BAGHDAD — Elections to decide Iraq’s future are threatened as much by the legacy of Saddam Hussein’s authoritarian rule as by the bombs and gunfire of postwar terrorists determined to keep voters from the polls, Western diplomats say.
Less than 100 days before the scheduled January balloting, no election posters adorn the capital’s streets and no names are being bandied about. There have been no debates scheduled, no candidate forums and no voter education guides.
For decades, Saddam’s security apparatus cracked down mercilessly on any attempt to organize political alternatives to his Ba’ath Party, even targeting dissidents abroad through assassination attempts.
Iraqi politics became a dark and secretive enterprise rather than a forum for solving common problems. Diplomats worry that the major parties are simply continuing the tradition, instead of reaching out to the public in ways that could legitimize the future government.
“The parties have been more worried about dividing the power among themselves than any outreach to the broader public,” said a senior U.S. diplomat who spoke on the condition of anonymity. “They haven’t felt much of a need to reach out to the public.”
Much is at stake in the election, which will establish a 275-seat parliament with the authority to draw up a new Iraqi constitution. But so far the talk has been not about issues but about whether elections can go forward at all and, if so, in how much of the country.
“If elections take place in the current disorder, the best organized faction will be the extremists,” Jordan’s King Abdullah II said in an interview published last week in the conservative French daily Le Figaro.
“The results will reflect this advantage of the extremists. In such a scenario, there will be no chance that the situation gets better.”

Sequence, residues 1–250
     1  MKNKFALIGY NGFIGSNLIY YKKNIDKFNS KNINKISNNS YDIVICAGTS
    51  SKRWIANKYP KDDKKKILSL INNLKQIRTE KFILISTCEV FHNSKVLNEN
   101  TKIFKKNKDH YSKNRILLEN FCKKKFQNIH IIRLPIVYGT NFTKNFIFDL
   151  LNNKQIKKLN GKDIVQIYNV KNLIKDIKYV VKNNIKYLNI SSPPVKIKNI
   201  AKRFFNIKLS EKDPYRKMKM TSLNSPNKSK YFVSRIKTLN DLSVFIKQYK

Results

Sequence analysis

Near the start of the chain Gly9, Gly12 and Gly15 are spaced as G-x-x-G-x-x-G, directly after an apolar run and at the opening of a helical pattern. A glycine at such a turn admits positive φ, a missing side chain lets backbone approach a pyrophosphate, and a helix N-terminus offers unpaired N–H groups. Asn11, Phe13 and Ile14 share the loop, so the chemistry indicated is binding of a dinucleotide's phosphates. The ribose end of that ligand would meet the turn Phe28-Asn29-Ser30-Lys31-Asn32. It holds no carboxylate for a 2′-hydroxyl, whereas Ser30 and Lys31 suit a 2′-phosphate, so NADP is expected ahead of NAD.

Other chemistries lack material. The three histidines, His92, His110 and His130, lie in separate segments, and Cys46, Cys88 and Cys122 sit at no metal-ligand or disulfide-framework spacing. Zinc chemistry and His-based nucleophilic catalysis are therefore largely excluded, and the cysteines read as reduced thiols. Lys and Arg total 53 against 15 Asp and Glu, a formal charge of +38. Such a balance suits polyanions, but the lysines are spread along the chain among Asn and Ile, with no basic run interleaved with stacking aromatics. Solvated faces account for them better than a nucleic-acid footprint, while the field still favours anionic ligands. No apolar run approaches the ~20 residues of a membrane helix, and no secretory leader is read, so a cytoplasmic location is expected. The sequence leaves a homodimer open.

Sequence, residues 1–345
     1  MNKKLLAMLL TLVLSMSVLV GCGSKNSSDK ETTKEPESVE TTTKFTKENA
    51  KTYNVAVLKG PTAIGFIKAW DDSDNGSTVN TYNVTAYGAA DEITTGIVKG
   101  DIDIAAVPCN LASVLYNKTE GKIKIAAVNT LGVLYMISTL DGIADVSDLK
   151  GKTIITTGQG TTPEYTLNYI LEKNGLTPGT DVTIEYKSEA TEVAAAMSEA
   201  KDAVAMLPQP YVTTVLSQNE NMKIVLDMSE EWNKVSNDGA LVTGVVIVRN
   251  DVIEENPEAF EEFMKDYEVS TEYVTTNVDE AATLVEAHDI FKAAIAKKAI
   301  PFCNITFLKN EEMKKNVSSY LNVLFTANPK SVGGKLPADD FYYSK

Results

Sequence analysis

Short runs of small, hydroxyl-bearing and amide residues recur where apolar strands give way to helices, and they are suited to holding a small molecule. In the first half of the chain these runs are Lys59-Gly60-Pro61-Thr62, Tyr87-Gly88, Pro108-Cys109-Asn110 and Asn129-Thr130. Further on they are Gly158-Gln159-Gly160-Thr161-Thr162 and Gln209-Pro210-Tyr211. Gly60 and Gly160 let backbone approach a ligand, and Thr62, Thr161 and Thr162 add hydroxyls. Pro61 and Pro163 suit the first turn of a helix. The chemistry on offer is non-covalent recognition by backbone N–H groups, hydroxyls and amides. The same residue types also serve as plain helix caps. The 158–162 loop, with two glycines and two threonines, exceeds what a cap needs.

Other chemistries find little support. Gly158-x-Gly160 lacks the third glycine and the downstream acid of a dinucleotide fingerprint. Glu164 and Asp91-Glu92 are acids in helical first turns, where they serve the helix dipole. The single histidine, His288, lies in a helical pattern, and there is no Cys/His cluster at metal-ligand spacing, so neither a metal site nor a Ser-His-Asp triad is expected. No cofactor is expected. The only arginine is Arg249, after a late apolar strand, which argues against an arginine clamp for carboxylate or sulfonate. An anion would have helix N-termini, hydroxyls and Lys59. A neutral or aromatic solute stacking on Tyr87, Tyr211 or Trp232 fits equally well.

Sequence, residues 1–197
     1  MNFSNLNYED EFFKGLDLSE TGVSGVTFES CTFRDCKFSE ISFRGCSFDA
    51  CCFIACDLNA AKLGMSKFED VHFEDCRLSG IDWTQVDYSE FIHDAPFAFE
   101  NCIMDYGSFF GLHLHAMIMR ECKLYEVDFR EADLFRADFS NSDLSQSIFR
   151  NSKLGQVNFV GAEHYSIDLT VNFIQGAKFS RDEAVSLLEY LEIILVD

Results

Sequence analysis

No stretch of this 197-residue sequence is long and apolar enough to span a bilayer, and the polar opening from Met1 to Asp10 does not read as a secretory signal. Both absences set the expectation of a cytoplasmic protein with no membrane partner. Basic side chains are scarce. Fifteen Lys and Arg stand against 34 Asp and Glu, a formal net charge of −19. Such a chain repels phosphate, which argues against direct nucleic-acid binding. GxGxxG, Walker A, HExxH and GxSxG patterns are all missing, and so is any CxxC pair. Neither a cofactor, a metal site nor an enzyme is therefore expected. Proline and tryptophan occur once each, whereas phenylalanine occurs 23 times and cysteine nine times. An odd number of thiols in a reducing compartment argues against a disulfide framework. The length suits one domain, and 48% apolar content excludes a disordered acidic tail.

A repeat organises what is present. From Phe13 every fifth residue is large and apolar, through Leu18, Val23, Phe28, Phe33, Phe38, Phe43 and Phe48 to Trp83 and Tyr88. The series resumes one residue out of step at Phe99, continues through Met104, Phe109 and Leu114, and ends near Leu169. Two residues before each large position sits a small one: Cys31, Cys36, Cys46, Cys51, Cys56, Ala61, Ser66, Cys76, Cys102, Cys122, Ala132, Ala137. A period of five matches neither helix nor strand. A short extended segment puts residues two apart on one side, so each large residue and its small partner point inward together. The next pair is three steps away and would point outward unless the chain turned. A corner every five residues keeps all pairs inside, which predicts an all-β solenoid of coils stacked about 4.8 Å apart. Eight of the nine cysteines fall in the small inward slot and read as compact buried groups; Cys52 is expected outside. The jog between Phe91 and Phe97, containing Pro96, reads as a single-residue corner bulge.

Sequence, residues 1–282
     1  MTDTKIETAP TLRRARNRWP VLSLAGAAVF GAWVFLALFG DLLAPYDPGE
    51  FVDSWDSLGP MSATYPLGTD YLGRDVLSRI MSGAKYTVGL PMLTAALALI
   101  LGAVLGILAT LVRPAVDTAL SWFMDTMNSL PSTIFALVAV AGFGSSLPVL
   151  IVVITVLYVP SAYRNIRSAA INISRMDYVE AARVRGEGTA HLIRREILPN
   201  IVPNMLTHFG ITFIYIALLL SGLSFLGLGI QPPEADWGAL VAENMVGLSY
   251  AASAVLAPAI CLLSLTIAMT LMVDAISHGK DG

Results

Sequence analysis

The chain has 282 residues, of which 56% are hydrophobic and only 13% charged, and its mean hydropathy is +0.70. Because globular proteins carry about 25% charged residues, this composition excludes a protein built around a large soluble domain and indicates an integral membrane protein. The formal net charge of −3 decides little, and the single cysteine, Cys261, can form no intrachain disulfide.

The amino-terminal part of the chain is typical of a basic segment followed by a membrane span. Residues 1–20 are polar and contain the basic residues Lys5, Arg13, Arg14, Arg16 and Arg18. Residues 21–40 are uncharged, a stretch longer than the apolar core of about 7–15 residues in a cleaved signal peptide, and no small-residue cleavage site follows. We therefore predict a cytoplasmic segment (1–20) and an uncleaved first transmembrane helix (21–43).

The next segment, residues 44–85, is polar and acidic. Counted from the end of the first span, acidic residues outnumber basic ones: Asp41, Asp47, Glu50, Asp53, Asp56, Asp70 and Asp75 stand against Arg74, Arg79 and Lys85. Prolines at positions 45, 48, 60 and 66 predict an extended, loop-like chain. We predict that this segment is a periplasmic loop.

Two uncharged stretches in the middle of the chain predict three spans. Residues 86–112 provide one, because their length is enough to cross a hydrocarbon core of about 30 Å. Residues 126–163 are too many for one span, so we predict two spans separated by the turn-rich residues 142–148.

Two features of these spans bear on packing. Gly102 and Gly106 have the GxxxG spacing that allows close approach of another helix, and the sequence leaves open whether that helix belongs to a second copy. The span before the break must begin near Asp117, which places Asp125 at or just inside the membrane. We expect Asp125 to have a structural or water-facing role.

Iraq’s highest ranking Shi’ite cleric, Grand Ayatollah Ali al-Husseini al-Sistani, also has cast doubt on the legitimacy of the elections, said Abdul Aziz al-Hakim, leader of a Shi’ite political party. The reclusive cleric last week “expressed concerns [that] the regulations and conditions set for the elections are unsuitable,” Mr. al-Hakim told Iranian state radio.
A sense that those seeking to lead the country are out of touch with ordinary Iraqis only grew stronger after a visit to Washington late last month by Prime Minister Iyad Allawi, a former Ba’ath Party protege and CIA asset who lived abroad for decades.
Many were taken aback when Mr. Allawi publicly thanked the American people for what even his supporters view as a botched occupation of their country.
“Allawi should have politely criticized the Americans for the occupation,” said Mohamed Abdul Qader, 23, a student of technology at Mustansiriya University. “That would have made him more popular with the people, because the Iraqi people would never thank the American people for this occupation.”
A handshake and chat with the Israeli foreign minister at the United Nations — widely reported here — reinforced the image of Mr. Allawi as politically out of touch with his fellow Iraqis.
“Iraq is not forced to have relations with Israel,” said Nadeem al-Jaberi, a professor of political science and a member of the Iraqi National Assembly. “There is no security or ideological necessity to have such relations. It would have been better for the prime minister to avoid this subject.”
Huge swaths of the population remain not just alienated from the political process, but violently opposed to it. Poor Shi’ites in the cities of Basra, Nasariyah and Kut and the Baghdad slum of Sadr City appear to have gathered around firebrand preacher Sheik Muqtada al-Sadr, whose militia is engaged in nightly gunbattles with multinational forces.
Sunni Arabs, dislodged from an elite status they have enjoyed since the Ottoman Empire, are enraged and moving further toward political and religious extremism.
“They realize they’ve been dealt out,” said Sharif Ali bin Hussein, heir to the defunct Iraqi throne and leader of a monarchist party. “Many sections of the Iraqi people have been dealt out of the process.”
Attempts to draw them into the electoral process have proven futile. “At the moment, the Sunnis are very negative. They are not positively in favor of the political process at all,” said Saad Qindeel, a leader of the Supreme Council for Islamic Revolution in Iraq, one of the large Shi’ite parties.
Iraqis also worry that efforts by the seven major parties who control the National Assembly to agree on a list of candidates are nothing more than a scheme to ensure that they remain in power.
“I think we’re being set up to have fraud on a large scale,” Mr. Hussein said. “I think the government will be allowed to cheat.”
Americans as well as Iraqis worry that a low turnout will leave the new government with a weak mandate.
This article is based in part on wire service reports.